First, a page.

In a shocking case of forensic gone bad, the FBI admitted that for over 20 years, it gave flawed hair sample testimony in hundreds of trials. From a review of 342 cases, it was found that 268 cases used hair evidence provided by the FBI. Of those 268 trials, 257 trials had flawed hair testimony. It’s a sad realization, and Sen. Richard Blumenthal (D-Conn.) said it best:
“These findings are appalling and chilling in their indictment of our criminal justice system, not only for potentially innocent defendants who have been wrongly imprisoned and even executed, but for prosecutors who have relied on fabricated and false evidence despite their intentions to faithfully enforce the law.”
This is not a single mistake, nor a string of coincidental mistakes – this is a pattern, a case of bad forensic science, and will probably launch one of the biggest forensic scandals in history. So what went wrong? Well, Of 28 examiners with the FBI Laboratory’s microscopic hair comparison unit, 26 overstated forensic matches in ways that favored prosecutors in more than 95 percent of the 268 trials reviewed so far.
This probably wouldn’t have even come to light, had it not been for an investigation conducted by the Washington Post. They might have led to possibly hundreds of wrongful convictions for rape, murder, and other violent crimes, dating back at least to the 1970s. There were no scientifically accepted standards for forensic testing, but FBI experts were still quoted routinely, and almost always testified to the near-certainty of matches. Peter Neufeld, co-founder of the , a non-profit legal clinic which only handles cases where postconviction DNA testing of evidence can yield conclusive proof of innocence seemed furious:
“The FBI’s three-decade use of microscopic hair analysis to incriminate defendants was a complete disaster. We need an exhaustive investigation that looks at how the FBI, state governments that relied on examiners trained by the FBI and the courts allowed this to happen and why it wasn’t stopped much sooner,” Neufeld said.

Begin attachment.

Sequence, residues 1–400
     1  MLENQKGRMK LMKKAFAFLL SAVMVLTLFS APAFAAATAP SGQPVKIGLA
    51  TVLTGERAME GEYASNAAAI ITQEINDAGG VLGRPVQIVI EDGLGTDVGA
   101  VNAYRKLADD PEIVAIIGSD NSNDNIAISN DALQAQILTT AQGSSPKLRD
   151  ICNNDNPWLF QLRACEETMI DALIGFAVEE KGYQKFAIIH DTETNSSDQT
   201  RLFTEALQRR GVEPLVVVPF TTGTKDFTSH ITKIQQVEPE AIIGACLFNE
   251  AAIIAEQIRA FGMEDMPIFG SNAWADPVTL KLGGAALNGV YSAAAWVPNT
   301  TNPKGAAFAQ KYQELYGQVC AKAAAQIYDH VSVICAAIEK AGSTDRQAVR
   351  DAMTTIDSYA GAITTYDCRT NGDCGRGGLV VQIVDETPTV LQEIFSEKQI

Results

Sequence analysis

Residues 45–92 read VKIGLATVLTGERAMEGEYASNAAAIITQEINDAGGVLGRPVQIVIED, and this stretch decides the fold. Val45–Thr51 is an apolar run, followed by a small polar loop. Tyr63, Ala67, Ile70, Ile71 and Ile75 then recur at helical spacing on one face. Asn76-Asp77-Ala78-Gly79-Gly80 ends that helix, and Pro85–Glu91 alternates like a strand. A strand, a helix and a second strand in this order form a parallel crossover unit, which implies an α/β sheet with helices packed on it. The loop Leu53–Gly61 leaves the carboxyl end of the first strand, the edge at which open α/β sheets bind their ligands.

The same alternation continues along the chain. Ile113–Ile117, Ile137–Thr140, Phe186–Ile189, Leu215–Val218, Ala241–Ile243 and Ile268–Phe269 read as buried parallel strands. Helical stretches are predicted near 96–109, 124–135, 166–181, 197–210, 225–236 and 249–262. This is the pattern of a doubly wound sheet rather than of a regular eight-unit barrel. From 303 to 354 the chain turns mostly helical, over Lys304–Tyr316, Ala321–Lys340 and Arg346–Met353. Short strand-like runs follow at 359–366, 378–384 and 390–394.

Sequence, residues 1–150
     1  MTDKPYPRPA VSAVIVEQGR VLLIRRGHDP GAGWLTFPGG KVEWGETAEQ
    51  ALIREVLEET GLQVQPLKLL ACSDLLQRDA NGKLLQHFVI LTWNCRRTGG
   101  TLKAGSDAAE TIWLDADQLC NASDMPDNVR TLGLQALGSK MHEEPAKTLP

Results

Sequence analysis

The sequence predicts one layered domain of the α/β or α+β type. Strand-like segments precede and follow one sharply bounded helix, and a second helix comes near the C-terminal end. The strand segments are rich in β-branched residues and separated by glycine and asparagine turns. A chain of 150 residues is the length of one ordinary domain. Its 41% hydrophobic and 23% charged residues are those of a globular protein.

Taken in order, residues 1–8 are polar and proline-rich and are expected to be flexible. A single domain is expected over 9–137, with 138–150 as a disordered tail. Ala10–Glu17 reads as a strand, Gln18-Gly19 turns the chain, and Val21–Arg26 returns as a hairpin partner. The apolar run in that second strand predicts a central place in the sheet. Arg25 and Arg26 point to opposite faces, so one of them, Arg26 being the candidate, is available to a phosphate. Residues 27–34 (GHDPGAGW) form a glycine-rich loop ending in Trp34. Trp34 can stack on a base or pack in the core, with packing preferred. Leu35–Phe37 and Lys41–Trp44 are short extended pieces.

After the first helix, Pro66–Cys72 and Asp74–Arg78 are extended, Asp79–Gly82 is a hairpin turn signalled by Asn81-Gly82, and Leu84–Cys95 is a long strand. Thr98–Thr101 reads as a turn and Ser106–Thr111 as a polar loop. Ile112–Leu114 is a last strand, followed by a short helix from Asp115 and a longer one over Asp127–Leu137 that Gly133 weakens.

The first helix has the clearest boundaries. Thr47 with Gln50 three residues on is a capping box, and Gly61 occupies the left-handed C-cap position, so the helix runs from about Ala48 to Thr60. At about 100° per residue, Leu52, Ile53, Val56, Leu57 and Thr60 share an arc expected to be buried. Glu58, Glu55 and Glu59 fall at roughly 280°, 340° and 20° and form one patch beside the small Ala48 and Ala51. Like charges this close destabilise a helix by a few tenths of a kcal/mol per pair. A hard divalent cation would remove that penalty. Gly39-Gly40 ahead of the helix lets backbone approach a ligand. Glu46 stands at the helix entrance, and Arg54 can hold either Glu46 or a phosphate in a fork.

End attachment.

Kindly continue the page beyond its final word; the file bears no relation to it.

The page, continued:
Out of these cases, some defendants were given the capital sentence, the Post chillingly adds. Sen. Richard Blumenthal (D-Conn.), a former prosecutor, called on the FBI and Justice Department to notify defendants in all 2,500 targeted cases.
“These findings are appalling and chilling in their indictment of our criminal justice system, not only for potentially innocent defendants who have been wrongly imprisoned and even executed, but for prosecutors who have relied on fabricated and false evidence despite their intentions to faithfully enforce the law,” Blumenthal said.
BI headquarters in Washington. (Bonnie Jo Mount/The Washington Post)
This doesn’t mean that the convictions were given solely on the flawed FBI evidence – most cases had other relevant, and in some cases, sufficient evidence, but this does in no way excuse the bureau. The first thing that should happen now is conduct a thorough analysis and see what happened and what went wrong. Senate Judiciary Committee Chairman Charles E. Grassley (R-Iowa) and the panel’s ranking Democrat, Patrick J. Leahy (Vt.), urged the bureau to conduct a “root analysis”, not only to see what went wrong, but also to prevent further problems.
“It is critical that the Bureau identify and address the systemic factors that allowed this far-reaching problem to occur and continue for more than a decade,” the lawmakers wrote FBI Director James B. Comey on March 27, as findings were being finalized.
Defense attorneys say scientifically invalid forensic testimony should be considered as violations of due process, and cast a shadow of a doubt on courts, which can be considered as having held false or misleading testimony. Texas, New York and North Carolina authorities are reviewing their hair examiner cases, with ad hoc efforts underway in about 15 other states. These findings, while massive, are likely only scratching the surface of all the problems associated with FBI forensic evidence. There is no lack of good ideas for reform, but change itself will be left to the organization itself.
University of Virginia law professor Brandon L. Garrett, who has been studying DNA exonerations and wrongful convictions for years told in an email:
“When I looked at forensics in DNA exoneree trials, I found more often than not that the testimony was unscientific and flawed. We know that whenever we look at old criminal cases we see flawed forensics wherever we look. And yet hardly any crime labs have bothered to conduct audits. Nor is the problem limited to bad hair cases—much the same type of eyeballed comparison is done on bite marks, ballistics, fibers, and even fingerprints.”
This is not the first time faux-forensics has lured its head into the courtroom. George Perrot (profiled ) has probably spent 30 years in prison for a crime he didn’t commit. , about whom , was shown in a recent film jamming the suspect’s dental mold into the body of a young victim, also according to Slate.
Oh, and it’s not just about hair and bite marks – , known for his willingness to testify against capital defendants, and . We need to put the science back into the forensics